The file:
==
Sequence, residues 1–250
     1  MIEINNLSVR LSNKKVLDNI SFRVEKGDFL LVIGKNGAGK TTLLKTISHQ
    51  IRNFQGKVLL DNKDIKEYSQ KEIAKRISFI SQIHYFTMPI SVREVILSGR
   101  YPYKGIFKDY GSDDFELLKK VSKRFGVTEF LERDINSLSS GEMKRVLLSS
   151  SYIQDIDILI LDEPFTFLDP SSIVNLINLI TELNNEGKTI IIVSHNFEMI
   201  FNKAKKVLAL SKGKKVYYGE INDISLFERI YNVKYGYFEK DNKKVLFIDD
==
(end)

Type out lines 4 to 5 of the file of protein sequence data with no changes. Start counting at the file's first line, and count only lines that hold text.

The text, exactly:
   101  YPYKGIFKDY GSDDFELLKK VSKRFGVTEF LERDINSLSS GEMKRVLLSS
   151  SYIQDIDILI LDEPFTFLDP SSIVNLINLI TELNNEGKTI IIVSHNFEMI